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"The Way of G-d"

Part 2: “Divine Providence”
Chapter 3: “Personal Providence”

Paragraph 9

All that we've said till now about why some people suffer while others do well can be reduced to two principles. The first is that Divine Justice always holds sway, and that G-d takes absolutely everything into account in the great mix that is our life-situation. Hence, some people must endure pain and sorrow for the various reasons cited.

The second principle, though, is based on the way the world functions -- on the fact that our sins *manifestly* affect our beings, body and soul, as well as the world at large.

We'd explain it thusly. In a certain sense, sins are like terrible and formidable germs. Once within our beings, they tend to spread, fester, and to eat away at our well-being. Now, that eating-away process is termed G-d's "concealing Himself" from us (and the world at large). Our sins bring that on as routinely and naturally as rain, whether we know it and sense it or not. And thus our sins and the subsequent concealment of G-d's presence are very often responsible for our suffering.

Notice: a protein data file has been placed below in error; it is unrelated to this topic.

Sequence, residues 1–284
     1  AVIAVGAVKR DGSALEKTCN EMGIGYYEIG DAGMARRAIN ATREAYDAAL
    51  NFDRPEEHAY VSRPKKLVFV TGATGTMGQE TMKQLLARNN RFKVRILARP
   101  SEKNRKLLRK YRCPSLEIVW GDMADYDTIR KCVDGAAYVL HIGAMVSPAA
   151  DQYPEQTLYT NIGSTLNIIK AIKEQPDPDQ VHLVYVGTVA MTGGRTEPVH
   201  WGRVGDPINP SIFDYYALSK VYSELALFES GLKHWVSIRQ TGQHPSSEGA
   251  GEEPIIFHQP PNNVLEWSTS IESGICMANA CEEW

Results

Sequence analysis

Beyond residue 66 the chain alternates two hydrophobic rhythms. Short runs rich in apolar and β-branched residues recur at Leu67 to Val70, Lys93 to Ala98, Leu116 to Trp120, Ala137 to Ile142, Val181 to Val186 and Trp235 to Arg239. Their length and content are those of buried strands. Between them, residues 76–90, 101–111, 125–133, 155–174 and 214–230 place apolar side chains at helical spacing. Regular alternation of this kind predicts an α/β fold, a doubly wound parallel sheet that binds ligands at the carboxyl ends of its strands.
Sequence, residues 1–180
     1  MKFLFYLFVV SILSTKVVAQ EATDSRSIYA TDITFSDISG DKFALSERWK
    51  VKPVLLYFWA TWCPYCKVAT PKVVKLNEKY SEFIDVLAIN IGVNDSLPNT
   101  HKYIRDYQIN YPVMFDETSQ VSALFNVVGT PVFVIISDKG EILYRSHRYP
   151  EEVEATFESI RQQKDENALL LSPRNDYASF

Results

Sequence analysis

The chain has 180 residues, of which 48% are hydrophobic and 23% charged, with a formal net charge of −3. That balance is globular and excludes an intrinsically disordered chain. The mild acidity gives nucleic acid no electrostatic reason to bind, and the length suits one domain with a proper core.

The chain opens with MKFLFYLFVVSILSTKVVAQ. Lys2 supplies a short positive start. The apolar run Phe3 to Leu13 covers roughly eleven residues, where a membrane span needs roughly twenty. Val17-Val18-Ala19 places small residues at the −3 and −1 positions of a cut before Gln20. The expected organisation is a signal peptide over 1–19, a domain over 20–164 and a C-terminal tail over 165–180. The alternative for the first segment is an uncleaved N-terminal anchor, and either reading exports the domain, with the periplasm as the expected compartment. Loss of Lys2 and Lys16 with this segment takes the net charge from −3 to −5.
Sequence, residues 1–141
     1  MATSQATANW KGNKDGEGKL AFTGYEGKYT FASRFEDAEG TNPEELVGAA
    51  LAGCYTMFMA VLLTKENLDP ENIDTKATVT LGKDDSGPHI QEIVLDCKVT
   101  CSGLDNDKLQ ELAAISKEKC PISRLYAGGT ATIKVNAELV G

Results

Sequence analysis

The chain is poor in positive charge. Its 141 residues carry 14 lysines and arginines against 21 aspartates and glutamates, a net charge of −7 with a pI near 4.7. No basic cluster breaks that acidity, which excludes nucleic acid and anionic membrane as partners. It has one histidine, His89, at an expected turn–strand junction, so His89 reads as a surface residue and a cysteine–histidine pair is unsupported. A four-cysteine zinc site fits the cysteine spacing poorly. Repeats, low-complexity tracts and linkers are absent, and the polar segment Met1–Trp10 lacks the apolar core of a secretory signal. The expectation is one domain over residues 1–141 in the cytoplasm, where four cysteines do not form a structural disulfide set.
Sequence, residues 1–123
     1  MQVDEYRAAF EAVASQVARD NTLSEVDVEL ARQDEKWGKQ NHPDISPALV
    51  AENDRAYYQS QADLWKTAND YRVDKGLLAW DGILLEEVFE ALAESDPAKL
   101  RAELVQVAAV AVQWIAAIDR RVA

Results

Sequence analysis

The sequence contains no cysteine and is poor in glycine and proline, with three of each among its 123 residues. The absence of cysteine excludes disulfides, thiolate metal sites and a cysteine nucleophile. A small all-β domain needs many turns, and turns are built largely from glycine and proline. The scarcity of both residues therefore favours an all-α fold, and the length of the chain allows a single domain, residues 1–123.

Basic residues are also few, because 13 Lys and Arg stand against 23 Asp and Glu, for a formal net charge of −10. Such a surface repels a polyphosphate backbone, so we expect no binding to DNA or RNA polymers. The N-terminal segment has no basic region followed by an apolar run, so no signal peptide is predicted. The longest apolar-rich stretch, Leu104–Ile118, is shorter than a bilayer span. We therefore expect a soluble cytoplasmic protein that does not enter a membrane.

Thus we can be said to bring on our own pain and sorrow much the way smokers, overeaters, and alcoholics bring on their own. And to conceal G-d's presence in the process.

But there are two ways to eradicate that "germ". By either regretting the wrong we'd done and drawing close to G-d again (i.e., by engaging in "teshuva"). Or by suffering, surprisingly enough. Since both act as catharses.

Hence, some people suffer as a consequence of their sins. But *also* in order to assuage their sin and to cure their diseased spirit, all for their own good. They also allow for G-d's presence to be revealed again in the process.

And the select, holy few we spoke of last time sometimes suffer in order to manifest G-d's presence even more so.

This series is dedicated to the memory of Yitzchak Hehrsh ben Daniel, and Sarah Rivka bas Yaakov Dovid.

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